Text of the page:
Conscious Eats is a win for our health, environment, and bank accounts
The vegan $5 lunch gazebo’s line of smiley volunteers, who eagerly scoop steaming curry into the outstretched tupperware of hungry students, is an iconic landmark on campus. For many alumni, the fragrant and hearty lunches are also a fond core memory of their university days.
However, back in May last year, we noticed that on some weekdays, the usually bustling Barracks Lawn, where the vegan lunch gazebo often occupied, was eerily vacant.
A quick social media stalk confirmed our suspicions that something was up. On The Sustainability Network’s Facebook, the club had announced that they had been requested by the University to reduce their operating schedule. After seeing the post, Craccum was determined to flex our investigative muscles and dig further—a testament of our dedication not so much to producing quality journalism, but rather to protecting the elite combo that is tomato chickpea curry and crispy poppadoms.
After chatting with Kalindi Fletcher, the president of Veda Club, the other organisation behind the vegan lunch initiative, we published an article titled “Where’s my $5 Vegan Lunch?” The news piece showcased the clubs’ perspectives on the rollback of their initiative by the University, an effort to “alleviate pressure on other campus food vendors”.
In the following issue, we published another news piece detailing the University’s official response. In a nutshell, the University said that their request for vegan lunches to be served only two days per week was because student club activities needed to be balanced with consideration for other food outlets on campus. Concluding its response was the recommendation that students should visit Munchy Mart for its “wide range of food types at terrific prices,” and Tart Bakery for plant-based options.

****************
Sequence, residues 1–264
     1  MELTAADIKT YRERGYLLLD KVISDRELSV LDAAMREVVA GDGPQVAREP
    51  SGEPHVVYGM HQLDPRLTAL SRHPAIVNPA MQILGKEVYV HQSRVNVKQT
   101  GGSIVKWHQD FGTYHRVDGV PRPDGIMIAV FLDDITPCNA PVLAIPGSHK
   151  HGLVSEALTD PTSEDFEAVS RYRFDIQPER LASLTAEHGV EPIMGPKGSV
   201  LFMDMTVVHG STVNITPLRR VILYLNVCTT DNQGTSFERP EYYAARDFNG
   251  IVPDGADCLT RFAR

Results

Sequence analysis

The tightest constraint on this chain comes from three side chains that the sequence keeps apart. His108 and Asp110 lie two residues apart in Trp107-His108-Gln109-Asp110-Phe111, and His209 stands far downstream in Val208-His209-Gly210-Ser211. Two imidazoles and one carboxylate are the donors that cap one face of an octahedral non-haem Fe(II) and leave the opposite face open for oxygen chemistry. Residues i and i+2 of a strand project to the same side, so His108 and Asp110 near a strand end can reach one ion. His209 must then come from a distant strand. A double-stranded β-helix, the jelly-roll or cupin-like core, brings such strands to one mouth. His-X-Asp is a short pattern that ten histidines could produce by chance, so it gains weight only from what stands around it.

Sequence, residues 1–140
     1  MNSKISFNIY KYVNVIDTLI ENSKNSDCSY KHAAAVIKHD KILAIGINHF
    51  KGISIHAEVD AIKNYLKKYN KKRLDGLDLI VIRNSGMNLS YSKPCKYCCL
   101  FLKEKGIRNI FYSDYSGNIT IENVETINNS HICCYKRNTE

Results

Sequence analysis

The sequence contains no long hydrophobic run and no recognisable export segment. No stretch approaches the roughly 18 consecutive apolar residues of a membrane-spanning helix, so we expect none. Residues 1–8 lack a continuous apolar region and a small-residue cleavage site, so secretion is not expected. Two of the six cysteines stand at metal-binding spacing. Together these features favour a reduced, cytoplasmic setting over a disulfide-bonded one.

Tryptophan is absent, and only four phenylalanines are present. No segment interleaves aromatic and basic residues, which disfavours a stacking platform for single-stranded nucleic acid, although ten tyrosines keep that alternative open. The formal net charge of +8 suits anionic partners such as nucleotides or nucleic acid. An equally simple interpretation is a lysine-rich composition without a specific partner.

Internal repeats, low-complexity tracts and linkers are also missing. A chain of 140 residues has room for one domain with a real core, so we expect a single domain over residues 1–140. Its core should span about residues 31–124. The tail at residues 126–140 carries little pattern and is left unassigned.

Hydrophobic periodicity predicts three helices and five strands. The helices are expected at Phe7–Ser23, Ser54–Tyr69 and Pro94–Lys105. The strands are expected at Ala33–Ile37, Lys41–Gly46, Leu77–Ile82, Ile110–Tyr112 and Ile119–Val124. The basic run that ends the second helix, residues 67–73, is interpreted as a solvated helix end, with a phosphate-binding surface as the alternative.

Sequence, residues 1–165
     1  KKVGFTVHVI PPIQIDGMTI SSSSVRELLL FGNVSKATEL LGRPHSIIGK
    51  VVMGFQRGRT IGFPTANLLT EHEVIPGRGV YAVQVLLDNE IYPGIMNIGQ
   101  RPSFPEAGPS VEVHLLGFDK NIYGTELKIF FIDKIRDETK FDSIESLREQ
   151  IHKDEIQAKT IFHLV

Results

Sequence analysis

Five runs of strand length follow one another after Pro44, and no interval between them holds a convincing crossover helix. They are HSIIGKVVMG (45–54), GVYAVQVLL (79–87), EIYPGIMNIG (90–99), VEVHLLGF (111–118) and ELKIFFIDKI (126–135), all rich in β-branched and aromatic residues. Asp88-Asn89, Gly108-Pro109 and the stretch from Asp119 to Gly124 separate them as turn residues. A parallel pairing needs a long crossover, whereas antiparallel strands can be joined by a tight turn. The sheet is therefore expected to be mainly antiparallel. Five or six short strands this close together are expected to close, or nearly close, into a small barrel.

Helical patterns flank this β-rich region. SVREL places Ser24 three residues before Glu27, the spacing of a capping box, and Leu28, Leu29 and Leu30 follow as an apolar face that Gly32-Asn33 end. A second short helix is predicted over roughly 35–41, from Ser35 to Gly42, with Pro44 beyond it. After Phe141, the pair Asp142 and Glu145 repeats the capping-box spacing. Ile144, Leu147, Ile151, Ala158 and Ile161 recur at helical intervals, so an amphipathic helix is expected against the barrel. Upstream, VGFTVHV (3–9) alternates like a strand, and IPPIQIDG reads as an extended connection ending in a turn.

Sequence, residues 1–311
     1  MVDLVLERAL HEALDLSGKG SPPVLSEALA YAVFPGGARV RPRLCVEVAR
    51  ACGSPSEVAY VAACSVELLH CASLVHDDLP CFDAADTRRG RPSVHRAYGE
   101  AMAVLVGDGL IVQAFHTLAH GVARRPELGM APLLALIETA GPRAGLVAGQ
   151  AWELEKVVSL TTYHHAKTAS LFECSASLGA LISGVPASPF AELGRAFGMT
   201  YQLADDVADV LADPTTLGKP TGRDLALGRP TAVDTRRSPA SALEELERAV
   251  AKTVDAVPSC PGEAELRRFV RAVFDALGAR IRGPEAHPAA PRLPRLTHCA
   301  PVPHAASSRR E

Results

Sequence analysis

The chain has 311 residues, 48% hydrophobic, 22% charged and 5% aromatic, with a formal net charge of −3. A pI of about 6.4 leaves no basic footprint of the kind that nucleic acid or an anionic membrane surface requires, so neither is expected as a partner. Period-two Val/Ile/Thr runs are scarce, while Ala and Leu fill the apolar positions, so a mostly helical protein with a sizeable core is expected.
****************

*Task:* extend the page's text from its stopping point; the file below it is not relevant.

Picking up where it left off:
Let’s just say that the University’s statement didn’t sit well with many students. Aside from the flurry of sad and angry reacts that flooded Craccum’s Facebook, several students criticised the University’s response and advice.
“I might be inclined to give the on-campus food outlets my money if they didn’t require three times as much for any reasonable amount of food. Shit is EXPENSIVE,” commented one student.
Another student felt that the rollback of the vegan lunches was unethical as they perceived that the University was “intentionally limiting available food options that are healthier and accommodate different dietary requirements.”
“The food options around campus are terrible—the food is too pricey and is usually high in fat, salt, and sugar, and honestly looks gross. These cheaper vegan meals can help incentivise people to eat healthier, and it seems like people seem to prefer these meals over the other food options. So thanks UoA. It seems like you’re prioritising the profits of small businesses over the health and well-being of students.”
Fortunately, there is a happy and wholesome ending to this vegan lunch saga: the official opening of Conscious Eats, a fully-vegan, permanent food kiosk on campus, brought to you by the same team that served up the familiar meals we all know and love.